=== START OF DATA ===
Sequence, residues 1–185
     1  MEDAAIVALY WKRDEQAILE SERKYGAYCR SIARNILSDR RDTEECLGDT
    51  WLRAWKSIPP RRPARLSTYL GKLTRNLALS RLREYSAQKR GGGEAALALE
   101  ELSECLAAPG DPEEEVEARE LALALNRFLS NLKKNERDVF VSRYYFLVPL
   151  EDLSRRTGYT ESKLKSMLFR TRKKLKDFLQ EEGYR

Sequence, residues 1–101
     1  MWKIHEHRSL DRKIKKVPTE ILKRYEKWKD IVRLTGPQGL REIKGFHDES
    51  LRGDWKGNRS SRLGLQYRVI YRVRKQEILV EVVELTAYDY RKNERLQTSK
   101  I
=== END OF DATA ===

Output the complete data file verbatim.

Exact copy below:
Sequence, residues 1–185
     1  MEDAAIVALY WKRDEQAILE SERKYGAYCR SIARNILSDR RDTEECLGDT
    51  WLRAWKSIPP RRPARLSTYL GKLTRNLALS RLREYSAQKR GGGEAALALE
   101  ELSECLAAPG DPEEEVEARE LALALNRFLS NLKKNERDVF VSRYYFLVPL
   151  EDLSRRTGYT ESKLKSMLFR TRKKLKDFLQ EEGYR

Sequence, residues 1–101
     1  MWKIHEHRSL DRKIKKVPTE ILKRYEKWKD IVRLTGPQGL REIKGFHDES
    51  LRGDWKGNRS SRLGLQYRVI YRVRKQEILV EVVELTAYDY RKNERLQTSK
   101  I